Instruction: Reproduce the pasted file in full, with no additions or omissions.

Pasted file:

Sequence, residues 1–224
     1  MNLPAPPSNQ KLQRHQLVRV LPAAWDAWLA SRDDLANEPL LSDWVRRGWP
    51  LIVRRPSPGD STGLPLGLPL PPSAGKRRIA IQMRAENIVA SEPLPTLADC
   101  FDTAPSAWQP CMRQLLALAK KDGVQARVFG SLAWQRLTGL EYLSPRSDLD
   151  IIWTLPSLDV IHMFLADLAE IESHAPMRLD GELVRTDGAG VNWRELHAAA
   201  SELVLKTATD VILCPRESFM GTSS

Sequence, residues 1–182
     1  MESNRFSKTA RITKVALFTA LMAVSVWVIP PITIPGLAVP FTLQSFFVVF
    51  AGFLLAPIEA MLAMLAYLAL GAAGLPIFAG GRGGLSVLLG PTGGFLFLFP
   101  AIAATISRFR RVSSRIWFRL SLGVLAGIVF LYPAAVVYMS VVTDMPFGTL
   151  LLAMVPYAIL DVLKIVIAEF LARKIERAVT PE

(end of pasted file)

Sequence, residues 1–224
     1  MNLPAPPSNQ KLQRHQLVRV LPAAWDAWLA SRDDLANEPL LSDWVRRGWP
    51  LIVRRPSPGD STGLPLGLPL PPSAGKRRIA IQMRAENIVA SEPLPTLADC
   101  FDTAPSAWQP CMRQLLALAK KDGVQARVFG SLAWQRLTGL EYLSPRSDLD
   151  IIWTLPSLDV IHMFLADLAE IESHAPMRLD GELVRTDGAG VNWRELHAAA
   201  SELVLKTATD VILCPRESFM GTSS

Sequence, residues 1–182
     1  MESNRFSKTA RITKVALFTA LMAVSVWVIP PITIPGLAVP FTLQSFFVVF
    51  AGFLLAPIEA MLAMLAYLAL GAAGLPIFAG GRGGLSVLLG PTGGFLFLFP
   101  AIAATISRFR RVSSRIWFRL SLGVLAGIVF LYPAAVVYMS VVTDMPFGTL
   151  LLAMVPYAIL DVLKIVIAEF LARKIERAVT PE